Since the release of the Take Command! SR22 Series, we have been hard at work adding features, fixing bugs, and making general improvements throughout! We are preparing to enter a Public Beta in the coming days (if you are interested in being a part of the Public Beta, you can sign up for a spot here – Note: spots are limited), followed by a general release to everyone once it is ready!
Here are some of the key features we have implemented:
G1000 Terrain Profile Indicator
We have integrated a custom terrain profile indicator on the MFD. This will help for situational awareness, especially in mountainous terrain, and help prevent CFIT incidents. The custom system is entirely multi-threaded to prevent any performance penalty.
Visual Icing Effects
We have been hard at work adding custom visual icing effects to the aircraft! This will help with situational awareness surrounding the use of TKS during icing conditions, as the simulated ice can now be seen on the wing, inlets, windshield, spinner, and other relevant surfaces!
Engine and System Model Improvements
There have been many improvements made to the engine model and system model. Here are a few highlighted findings from our debugging and fixing:
SR22TN Power Fluctuations
There was an issue leading to potentially severe fluctuations of engine power during takeoff and climb at high ambient temperatures and altitudes, on the SR22TN only. The cause of this issue has been eliminated. However, there may still be minor residual fluctuations on takeoff and initial climb under such conditions, largely attributed to mixture being slightly too rich for such higher density altitude takeoffs. It can be further amplified by too quick movements of the power lever. To get rid of any remaining fluctuations altogether, embrace the following steps when setting takeoff power at high temperatures and/or density altitudes:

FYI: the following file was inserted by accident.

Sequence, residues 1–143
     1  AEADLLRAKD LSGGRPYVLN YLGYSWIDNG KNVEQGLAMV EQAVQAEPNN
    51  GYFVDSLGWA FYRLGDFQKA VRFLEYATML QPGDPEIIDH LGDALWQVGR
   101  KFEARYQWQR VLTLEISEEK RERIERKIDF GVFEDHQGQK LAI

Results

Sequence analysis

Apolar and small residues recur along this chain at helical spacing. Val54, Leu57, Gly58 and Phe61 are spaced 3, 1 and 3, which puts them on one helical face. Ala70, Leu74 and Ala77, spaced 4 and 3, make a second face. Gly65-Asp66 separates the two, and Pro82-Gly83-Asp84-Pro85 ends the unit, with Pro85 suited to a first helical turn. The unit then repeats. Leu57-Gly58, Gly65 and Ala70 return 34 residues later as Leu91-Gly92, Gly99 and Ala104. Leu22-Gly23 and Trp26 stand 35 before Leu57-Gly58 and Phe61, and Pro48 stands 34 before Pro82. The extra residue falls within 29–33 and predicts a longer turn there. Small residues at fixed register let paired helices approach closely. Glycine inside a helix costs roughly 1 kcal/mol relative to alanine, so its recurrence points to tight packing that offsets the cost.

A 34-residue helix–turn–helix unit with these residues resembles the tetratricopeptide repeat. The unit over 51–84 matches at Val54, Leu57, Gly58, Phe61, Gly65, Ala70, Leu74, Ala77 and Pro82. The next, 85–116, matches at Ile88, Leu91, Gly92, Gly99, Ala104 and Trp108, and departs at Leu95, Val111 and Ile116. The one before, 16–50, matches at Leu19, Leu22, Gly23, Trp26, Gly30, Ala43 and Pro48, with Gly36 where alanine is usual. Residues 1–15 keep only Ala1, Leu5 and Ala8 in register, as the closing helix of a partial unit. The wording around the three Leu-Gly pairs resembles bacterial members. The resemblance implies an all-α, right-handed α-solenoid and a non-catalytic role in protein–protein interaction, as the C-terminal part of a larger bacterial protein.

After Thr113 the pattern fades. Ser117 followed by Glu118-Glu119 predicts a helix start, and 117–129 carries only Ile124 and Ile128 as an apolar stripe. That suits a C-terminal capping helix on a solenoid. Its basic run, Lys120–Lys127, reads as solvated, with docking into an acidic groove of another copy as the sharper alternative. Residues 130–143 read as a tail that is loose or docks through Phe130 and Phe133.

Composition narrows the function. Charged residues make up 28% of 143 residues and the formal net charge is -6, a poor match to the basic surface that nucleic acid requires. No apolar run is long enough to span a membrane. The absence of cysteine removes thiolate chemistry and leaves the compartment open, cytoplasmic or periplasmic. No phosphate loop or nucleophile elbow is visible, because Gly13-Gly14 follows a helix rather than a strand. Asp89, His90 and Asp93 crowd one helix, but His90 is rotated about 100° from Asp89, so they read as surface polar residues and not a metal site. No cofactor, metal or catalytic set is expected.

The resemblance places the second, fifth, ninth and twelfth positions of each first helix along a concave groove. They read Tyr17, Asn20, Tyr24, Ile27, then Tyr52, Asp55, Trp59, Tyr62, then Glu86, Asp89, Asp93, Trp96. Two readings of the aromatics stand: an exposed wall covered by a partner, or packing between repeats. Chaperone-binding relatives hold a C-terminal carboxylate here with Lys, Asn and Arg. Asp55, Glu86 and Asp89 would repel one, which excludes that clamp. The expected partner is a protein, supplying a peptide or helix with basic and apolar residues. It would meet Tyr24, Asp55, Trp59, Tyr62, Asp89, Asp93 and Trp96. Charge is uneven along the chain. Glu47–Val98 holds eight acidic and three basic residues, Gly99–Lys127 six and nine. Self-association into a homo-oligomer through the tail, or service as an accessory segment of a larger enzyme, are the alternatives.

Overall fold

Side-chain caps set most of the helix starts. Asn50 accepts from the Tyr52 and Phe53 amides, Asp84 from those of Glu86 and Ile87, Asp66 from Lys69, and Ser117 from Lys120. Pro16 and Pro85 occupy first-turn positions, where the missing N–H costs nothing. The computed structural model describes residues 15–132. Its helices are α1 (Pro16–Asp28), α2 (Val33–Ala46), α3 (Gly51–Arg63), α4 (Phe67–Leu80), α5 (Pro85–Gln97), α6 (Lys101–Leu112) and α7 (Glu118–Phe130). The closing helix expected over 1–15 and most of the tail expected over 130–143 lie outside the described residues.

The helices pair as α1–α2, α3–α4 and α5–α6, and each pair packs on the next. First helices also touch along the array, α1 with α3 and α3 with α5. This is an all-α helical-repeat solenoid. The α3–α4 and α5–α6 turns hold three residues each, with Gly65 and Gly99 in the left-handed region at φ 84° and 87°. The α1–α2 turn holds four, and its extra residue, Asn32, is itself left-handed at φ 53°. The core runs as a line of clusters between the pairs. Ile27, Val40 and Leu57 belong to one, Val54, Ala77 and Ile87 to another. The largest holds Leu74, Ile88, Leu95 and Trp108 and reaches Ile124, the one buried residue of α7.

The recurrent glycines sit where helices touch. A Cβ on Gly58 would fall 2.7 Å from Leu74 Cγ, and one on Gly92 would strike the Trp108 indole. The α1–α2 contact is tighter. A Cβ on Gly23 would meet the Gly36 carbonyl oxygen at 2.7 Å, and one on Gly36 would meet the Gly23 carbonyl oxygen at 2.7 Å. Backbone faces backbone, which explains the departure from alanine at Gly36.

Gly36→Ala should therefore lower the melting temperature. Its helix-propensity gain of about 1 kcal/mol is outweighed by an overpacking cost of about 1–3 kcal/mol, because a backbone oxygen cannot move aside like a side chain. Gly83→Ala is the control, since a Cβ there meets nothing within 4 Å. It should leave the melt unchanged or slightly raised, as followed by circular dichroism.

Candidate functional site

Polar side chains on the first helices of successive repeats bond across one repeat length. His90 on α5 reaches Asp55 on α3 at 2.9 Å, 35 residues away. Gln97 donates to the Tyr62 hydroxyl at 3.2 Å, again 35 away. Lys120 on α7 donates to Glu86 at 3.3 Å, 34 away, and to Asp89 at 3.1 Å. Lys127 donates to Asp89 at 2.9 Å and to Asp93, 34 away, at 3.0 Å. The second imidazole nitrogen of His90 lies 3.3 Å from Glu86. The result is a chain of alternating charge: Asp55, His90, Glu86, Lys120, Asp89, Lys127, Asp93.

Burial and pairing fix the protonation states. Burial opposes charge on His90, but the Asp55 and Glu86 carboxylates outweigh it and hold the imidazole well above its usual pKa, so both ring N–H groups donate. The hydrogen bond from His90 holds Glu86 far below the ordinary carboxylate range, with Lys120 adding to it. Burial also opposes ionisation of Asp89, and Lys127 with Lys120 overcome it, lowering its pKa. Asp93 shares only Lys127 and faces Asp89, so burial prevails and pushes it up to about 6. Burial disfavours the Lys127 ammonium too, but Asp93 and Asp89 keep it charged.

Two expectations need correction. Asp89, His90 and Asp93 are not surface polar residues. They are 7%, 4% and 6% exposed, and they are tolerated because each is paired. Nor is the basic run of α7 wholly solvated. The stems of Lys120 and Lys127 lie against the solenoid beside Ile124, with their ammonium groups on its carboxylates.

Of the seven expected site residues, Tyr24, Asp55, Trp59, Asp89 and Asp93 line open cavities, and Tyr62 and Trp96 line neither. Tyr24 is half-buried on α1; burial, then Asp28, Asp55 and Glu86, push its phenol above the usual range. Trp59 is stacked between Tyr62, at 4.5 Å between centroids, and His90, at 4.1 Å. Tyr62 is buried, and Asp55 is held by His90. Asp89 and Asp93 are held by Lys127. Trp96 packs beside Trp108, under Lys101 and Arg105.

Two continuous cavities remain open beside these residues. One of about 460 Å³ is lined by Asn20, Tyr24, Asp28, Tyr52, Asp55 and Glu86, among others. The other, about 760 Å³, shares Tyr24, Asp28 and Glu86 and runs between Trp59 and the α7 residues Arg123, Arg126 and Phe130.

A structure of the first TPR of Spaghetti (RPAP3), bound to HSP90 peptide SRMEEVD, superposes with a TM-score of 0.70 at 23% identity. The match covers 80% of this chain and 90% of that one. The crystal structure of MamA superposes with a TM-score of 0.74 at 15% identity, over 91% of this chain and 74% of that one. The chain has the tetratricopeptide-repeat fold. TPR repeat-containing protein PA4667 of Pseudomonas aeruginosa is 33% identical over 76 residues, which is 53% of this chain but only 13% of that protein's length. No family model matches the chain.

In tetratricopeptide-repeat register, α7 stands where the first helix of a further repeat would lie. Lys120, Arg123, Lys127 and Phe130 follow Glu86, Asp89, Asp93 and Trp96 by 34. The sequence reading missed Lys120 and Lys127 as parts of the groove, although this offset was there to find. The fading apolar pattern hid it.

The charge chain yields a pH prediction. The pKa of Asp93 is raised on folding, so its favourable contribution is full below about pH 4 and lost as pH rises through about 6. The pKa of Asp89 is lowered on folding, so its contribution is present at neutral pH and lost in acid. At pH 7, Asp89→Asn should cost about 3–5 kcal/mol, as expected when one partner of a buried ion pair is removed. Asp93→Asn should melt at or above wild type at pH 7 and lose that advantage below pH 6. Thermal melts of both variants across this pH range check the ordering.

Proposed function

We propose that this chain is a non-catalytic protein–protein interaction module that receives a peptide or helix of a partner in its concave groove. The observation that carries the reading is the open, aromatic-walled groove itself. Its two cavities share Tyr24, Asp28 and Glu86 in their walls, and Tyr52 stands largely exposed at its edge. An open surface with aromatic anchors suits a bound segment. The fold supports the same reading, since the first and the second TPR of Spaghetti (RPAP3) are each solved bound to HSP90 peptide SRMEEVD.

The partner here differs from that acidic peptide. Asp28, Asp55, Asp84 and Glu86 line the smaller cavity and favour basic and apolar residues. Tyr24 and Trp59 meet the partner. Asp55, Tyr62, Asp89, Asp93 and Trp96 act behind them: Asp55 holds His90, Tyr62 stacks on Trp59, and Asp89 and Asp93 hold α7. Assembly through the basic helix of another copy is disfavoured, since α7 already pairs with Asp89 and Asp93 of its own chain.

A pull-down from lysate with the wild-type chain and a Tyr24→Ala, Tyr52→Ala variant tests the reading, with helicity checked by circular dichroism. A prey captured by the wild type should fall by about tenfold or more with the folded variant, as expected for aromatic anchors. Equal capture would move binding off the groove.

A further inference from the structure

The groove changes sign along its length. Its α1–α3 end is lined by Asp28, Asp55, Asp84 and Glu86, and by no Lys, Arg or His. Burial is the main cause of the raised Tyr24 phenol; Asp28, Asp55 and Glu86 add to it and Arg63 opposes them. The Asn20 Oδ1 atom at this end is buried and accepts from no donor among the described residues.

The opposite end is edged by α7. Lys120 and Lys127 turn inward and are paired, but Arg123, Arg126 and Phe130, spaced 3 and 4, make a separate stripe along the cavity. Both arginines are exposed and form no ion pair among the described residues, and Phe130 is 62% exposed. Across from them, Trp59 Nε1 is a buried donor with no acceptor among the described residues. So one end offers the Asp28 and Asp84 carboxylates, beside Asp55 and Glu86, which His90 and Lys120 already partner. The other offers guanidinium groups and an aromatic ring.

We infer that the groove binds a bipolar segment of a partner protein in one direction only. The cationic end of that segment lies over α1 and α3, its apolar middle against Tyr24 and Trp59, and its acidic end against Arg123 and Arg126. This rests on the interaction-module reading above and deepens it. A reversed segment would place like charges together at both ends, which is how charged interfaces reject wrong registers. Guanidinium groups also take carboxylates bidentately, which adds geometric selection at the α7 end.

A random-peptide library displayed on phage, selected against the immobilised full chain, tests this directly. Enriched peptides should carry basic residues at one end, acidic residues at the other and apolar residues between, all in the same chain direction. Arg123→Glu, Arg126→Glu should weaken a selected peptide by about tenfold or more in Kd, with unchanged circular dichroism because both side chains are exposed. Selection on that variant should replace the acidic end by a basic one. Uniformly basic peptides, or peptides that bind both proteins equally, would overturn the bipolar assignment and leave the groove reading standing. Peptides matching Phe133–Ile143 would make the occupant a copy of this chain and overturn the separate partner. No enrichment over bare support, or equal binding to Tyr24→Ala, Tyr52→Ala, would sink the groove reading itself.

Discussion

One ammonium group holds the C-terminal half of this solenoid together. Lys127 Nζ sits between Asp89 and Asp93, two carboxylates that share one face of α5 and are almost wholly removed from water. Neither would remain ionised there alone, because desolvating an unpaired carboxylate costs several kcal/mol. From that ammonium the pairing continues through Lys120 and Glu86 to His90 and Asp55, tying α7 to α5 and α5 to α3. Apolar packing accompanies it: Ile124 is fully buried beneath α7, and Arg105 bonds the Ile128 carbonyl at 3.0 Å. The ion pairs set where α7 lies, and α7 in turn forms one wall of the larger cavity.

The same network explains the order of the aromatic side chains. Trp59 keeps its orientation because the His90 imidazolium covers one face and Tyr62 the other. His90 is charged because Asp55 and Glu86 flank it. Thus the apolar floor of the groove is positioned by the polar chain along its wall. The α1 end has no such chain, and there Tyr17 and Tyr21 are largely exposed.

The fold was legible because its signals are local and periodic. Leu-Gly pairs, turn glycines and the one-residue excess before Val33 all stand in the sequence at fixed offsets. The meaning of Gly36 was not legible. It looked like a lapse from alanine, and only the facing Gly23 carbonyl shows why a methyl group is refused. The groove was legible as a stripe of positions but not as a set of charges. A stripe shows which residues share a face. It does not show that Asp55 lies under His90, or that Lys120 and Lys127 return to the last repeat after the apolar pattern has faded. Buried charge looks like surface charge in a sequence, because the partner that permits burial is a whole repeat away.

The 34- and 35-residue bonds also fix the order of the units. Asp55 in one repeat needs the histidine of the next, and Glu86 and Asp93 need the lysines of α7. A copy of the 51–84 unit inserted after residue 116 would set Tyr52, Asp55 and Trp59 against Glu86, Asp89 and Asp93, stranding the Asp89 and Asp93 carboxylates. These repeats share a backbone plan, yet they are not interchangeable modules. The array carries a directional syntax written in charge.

Advance power slowly until the point where RPM rises above 2500 RPM (around 80% lever travel) and wait for manifold pressure to stabilize. This will take a few moments at altitude and is particularly important up there.
Start your takeoff roll and simultaneously advance power slowly to maximum.
Procedures allow you to lean the mixture to 34GPH for takeoff on hot days. It is suggested to follow this step at OATs in excess of 30-35°C to eliminate any residual power fluctuations.
Advance the mixture to full rich after obstacles are cleared.
Also keep in mind that it is normal for the turbo-normalized engine to slightly fluctuate for a few moments after power changes before all parameters stabilize. Thus it is generally recommended to make power changes slowly on such engines, so even during go-arounds better take 2-3 seconds to advance to full power.
Random engine cutout during taxi
There was an issue leading to seemingly random engine quits during taxi. A fix is in place that has proven to work in internal tests.
The fuel-injected IO-550 engine can be challenging to start at times, so video tutorials to prepare you for all kinds of cold, hot and flooded starts you may face. We have also seen the most typical cause relates to mispositioning the power lever for engine starting (some even at maximum), keep in mind to set the lever to about 1/4” (i.e. at or slightly above the letter R in POWER). We have determined that there is no issue with the custom engine model.
Engine cutout after landing
When landing at higher density altitudes with the power lever at idle on rollout, it is to be expected that the engine may not be able to hold its idle RPM due to an excessively rich mixture. Lean the mixture to the appropriate X-T letters in MIXTURE immediately after landing and try to keep the power slightly higher than low idle to prevent the engine from quitting in such situations. We have determined that there is no issue with the custom engine model.